If President Barack Obama, the Republican House and the Democratic Senate cannot cut $85 billion from this year's $3.8 trillion budget without laying off first responders, tying up airport security lines and furloughing food safety inspectors, what good are they?
At what point will the public tire of liberal journalists lamenting that the Republican Party is overwhelmingly white and thrilled about it? They've been drawing that cartoon so long surely they'll eventually run out of ink. They love their 2012 narrative that every non-white group is rushing to Obama and the left, and they want to keep it that way.
Insanity is doing the same thing over and over again but expecting different results. The Ronald Reagan amnesty of 1986 was a conspicuous failure, and a virtually identical plan failed in 2007 when it was pushed by John McCain, Ted Kennedy and George W. Bush.
Most big retail chains treat their employees as nothing but a drain on profits.
My new book, "Dear Father, Dear Son," talks about the No. 1 social problem in America - children growing up without fathers.
Sen. Dianne Feinstein began her war on allergy and cold sufferers in 2005. In an effort to prevent small-time dealers from buying allergy and cold drugs and cooking them into methamphetamine, she pushed through legislation requiring consumers to show identification before purchasing products with pseudoephedrine - otherwise known as the good allergy drugs, known only to those who know enough to ask for them.
Everyone can imagine the horror of a madman shooting up an elementary school, especially the horror of losing your six-year-old in the melee. But at some point, the news media's wallowing in Newtown reminds one of Don Henley's satirical song "Dirty Laundry," and how the anchors' eyes gleam through plane-crash news because "it's interesting when people die; we love dirty laundry."
My friends from out of town want to know what I thought of President Obama's State of the Union address. The answer is simple. I live in Los Angeles. I didn't see or hear the State of the Union address. I was watching the Christopher Dorner manhunt.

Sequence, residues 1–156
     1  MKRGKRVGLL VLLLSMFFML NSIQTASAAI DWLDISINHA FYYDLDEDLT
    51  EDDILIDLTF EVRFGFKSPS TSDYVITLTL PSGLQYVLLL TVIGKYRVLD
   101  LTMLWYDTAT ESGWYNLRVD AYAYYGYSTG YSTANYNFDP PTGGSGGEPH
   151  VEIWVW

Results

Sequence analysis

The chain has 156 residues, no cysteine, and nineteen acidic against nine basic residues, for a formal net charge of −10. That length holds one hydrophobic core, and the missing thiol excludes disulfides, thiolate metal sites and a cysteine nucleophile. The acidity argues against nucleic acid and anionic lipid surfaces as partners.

Along with many Americans, I watched President Obama's State of the Union speech last night. He is probably the most eloquent speaker that many of us have ever heard. He makes salient points on many issues that concern us, such as gun control and global warming. I do, however, have a few questions on some of his open-ended thoughts.
In his column Sunday, former San Francisco Mayor Willie Brown wrote that on Labor Day weekend, he'll be preening at the Bay Bridge opening ceremony, taking credit for obstructing plans to rebuild the Bay Bridge so that it could be the "the world-class wonder" he knows it will be.
Karl Rove has declared war on grassroots conservatives and Tea Parties. Rove, who had the richest super PAC in 2012 (American Crossroads, which reportedly spent $300 million in the 2012 election cycle), has started a new fund called Conservative Victory Project to spend big bucks in the 2014 Republican primaries to defeat Republican candidates not approved by the Establishment.
"To govern the bark of Saint Peter and proclaim the Gospel, both strength of mind and body are necessary, strength which in the last few months, has deteriorated in me to the extent that I have had to recognize my incapacity to adequately fulfill the ministry entrusted to me."
Four years ago, Michelle Obama picked up a shovel to make a powerful symbolic statement about America's food and farm future: She turned a patch of White House lawn into a working organic garden.
This year, for the State of the Union address, Democrats and Republicans (those who can find "dates," anyway) will be sitting together. It is supposed to be a signal to the nation of bipartisanship - at least the kind that allows people from opposite parties, as we used to do decades ago, to put their differences aside at the end of the day.